Friday, February 26, 2010

Terrasante, a desert lifestyle

Extreme change is how I would describe my coming to Terrasante. The desert, filled with stabbing, yet, beautiful and unusual plants and animals. Mountains, yet, huge flat expanses. Above is my naked Earth Mother lying in the desert about half a mile north of Route 86, the Ajo Way, between mile marker 155 and 154. She is approximately 50 feet long but now that I see her I realize she needs to be much, much bigger. Much bigger.

Ever since I saw the photos of Nazca, Peru where lines have been drawn into the land that could only be seen from the sky, I've wanted to create some giant drawing-scapes of my own. By the time I started this piece I had already found two other sites where I'd scratched out my drawings in the sand, but I was never able to find them again. This was my third try and this time I dragged my shovel behind me in the muddy sand to give myself a line to follow on my return. Evidence of tire tracks and many broken bottles littered the barren rise of land. I quickly sketched my Earth Mother design out. I could see that she was foreshortened because at my height I could see very little of the drawing. It took me several days to rework her and dig all around her to give her depth, then I raked all the loose soil out in a halo around her. Chris Vansprouts, the community's webperson, told me that if I positioned the Earth Mother east/west to "mess up" and redirect some of the many little arroyos (going north and south) carrying water away across the desert and create habitats. The experiment is to see if these creases I'm shoveling out of the sandy clay will hold water and become habitat for plant and animal life. I'm hoping to visit it next year and see how my Earth Mother survived the rains and winds. My first day there I hadn't even noticed the tires stacked in messy piles about 50 feet away. Duh. It wasn't until I was ready to leave that I took some photos of the neighboring area that I finally saw them. I decided then and there to make them part of my piece. I dragged 13 smaller tires over and used them as a barrier around the Earth Mother.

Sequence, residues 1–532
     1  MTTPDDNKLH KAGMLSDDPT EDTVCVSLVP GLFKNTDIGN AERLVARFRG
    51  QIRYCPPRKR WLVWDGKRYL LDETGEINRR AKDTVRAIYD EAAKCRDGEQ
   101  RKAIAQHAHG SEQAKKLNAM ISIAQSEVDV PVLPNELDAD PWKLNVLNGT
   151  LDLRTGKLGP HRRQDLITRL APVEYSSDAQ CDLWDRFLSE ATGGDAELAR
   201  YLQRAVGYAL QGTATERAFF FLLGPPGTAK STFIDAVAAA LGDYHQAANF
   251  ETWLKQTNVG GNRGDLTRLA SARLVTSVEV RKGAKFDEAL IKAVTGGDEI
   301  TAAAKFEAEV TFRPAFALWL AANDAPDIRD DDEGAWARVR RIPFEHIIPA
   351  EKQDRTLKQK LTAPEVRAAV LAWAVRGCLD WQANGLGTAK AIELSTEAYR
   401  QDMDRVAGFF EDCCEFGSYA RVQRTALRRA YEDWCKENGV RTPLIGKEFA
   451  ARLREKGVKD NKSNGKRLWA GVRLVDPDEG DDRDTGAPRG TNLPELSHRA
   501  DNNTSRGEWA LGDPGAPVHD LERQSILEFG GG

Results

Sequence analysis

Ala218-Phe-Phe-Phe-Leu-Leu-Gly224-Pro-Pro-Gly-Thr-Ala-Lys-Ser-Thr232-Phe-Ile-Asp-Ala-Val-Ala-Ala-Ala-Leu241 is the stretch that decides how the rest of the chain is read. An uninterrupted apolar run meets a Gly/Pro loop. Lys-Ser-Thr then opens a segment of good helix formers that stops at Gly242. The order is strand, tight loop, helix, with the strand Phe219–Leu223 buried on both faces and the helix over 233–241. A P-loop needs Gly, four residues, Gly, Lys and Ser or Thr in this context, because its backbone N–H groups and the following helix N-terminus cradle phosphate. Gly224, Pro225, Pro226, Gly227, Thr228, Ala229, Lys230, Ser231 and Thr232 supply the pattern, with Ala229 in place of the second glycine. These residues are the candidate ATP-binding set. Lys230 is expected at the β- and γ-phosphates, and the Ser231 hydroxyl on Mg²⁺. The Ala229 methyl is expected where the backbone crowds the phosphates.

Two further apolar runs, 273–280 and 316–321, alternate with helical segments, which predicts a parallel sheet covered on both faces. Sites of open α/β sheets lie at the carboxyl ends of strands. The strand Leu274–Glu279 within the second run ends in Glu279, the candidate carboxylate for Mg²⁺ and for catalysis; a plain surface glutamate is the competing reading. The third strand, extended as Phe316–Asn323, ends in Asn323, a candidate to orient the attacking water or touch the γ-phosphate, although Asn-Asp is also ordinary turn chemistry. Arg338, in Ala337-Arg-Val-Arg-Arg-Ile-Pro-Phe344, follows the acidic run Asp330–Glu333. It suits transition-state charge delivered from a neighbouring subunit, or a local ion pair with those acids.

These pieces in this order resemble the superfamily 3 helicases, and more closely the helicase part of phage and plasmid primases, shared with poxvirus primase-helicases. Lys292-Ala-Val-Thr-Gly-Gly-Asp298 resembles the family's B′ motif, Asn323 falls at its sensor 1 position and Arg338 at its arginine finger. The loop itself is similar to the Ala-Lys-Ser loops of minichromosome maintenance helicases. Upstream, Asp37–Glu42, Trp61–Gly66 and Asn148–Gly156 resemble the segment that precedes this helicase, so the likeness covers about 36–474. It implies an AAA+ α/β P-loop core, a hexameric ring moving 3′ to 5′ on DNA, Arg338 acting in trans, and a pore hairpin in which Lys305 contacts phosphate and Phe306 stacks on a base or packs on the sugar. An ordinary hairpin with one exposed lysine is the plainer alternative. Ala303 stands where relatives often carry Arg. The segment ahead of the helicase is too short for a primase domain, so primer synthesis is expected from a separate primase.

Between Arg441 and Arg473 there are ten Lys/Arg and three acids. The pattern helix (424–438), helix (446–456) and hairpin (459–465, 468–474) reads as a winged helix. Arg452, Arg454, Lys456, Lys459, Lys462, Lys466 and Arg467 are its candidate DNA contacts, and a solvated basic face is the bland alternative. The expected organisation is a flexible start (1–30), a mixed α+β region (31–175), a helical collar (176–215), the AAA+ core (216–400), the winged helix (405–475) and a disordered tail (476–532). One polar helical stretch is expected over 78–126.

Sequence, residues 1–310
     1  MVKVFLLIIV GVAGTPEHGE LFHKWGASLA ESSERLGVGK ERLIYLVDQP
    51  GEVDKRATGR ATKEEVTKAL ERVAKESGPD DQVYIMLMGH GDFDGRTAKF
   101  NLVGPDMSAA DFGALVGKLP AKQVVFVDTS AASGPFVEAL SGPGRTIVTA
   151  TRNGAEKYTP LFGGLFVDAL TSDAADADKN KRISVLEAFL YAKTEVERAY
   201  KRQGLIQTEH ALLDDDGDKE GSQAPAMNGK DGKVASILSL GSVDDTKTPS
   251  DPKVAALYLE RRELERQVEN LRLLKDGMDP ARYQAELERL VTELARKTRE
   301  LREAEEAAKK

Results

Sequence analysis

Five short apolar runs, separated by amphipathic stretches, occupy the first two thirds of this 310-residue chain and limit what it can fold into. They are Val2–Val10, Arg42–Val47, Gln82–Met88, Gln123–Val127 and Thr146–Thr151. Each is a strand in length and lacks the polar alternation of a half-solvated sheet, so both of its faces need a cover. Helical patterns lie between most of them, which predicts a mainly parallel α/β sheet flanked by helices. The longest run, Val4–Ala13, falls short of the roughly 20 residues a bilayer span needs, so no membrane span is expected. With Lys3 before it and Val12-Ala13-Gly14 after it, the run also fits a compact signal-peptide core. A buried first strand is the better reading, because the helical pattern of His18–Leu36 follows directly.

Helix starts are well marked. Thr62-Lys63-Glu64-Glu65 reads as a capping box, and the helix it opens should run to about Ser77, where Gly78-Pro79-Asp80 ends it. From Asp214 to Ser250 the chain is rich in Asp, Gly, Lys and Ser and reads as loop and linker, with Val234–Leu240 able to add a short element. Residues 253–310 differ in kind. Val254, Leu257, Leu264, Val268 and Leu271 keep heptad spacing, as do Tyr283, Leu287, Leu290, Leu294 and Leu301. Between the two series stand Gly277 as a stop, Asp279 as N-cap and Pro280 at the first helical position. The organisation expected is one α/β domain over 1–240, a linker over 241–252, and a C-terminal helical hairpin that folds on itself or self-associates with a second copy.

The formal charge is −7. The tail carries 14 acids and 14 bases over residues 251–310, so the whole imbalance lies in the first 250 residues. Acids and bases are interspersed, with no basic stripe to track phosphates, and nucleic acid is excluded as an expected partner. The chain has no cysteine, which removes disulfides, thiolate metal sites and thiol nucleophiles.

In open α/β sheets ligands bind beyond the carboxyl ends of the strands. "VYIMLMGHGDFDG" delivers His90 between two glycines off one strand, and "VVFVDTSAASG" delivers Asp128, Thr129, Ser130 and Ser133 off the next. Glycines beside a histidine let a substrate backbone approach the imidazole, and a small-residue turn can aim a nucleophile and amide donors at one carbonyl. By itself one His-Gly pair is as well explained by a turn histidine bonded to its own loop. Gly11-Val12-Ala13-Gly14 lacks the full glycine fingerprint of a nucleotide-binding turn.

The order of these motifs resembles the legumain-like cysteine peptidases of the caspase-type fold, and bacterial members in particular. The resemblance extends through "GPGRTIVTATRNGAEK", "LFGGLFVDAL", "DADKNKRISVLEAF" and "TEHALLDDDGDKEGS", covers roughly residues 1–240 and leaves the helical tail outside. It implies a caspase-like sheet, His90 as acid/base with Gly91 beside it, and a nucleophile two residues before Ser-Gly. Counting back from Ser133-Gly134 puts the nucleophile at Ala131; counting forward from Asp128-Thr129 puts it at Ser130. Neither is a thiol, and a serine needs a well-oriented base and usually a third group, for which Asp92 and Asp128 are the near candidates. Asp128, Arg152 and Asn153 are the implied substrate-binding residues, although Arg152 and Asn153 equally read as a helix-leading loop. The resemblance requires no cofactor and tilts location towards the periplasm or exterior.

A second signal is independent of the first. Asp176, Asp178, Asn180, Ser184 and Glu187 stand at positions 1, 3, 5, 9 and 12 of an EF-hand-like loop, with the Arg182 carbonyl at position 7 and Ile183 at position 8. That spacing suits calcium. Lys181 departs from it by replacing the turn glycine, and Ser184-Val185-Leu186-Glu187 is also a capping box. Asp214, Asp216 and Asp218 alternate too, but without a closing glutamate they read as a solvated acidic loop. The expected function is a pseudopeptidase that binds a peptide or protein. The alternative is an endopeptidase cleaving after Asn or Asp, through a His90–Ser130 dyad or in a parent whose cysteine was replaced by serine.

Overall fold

To get the shot below I had to hold my camera way over my head and shoot blind.

Now for the fun story. I was getting so frustrated trying to "see" my Earth Mother - the half a mile hike through cacti had kept me from dragging a ladder to the site, that I began visualizing myself flying above in a small aircraft. That's why when I had to run errands in town (bank, gas, water) I decided on the way back to stop at the Ryan Airfield. I went to the offices but they were closed so I went to the next room which was labeled for pilot's only. I knocked and a guy came out. I told him about my frustrations about being unable to see my naked Earth Mother, which was only about 5 miles up the road, so close. I asked him how many millions of dollars it would cost to get someone to take me over to see it. His interest awakened, he said that he'd take me up for free. Since I could afford the price I agreed and luckily had brought my camera with me. Above, you can see how the Earth Mother looked from the plane. This is when I learned that I have to make my pieces even bigger, much bigger. What I wasn't prepared for was getting very airsick, not enough to be sick, but enough to feel horrible and wish I was on land again. Below, Mike Noel, the pilot who kindly aided and abetted me is standing next to his aircraft. I appreciate his gallantry and adventurous spirit.

My work exchange was to create a video for Terrasante that can be used to educate people about what the community here is doing. In the end I created two small videos that I uploaded to Youtube. If you want to get a sense of the people I met here, watch these.

Last, but not least, I want to show a local phenomena, the nearby moon mirror which is explained at It was built by a local man who spent $2 million creating it to help a friend of his with cancer.

I especially want to thank Chris Vansprout for his kindness in showing me around when I first got to Terrasante, introducing me to everyone and being my friend. And I want to thank both Chris and Cliff for their computer advise and help. Thanks!!

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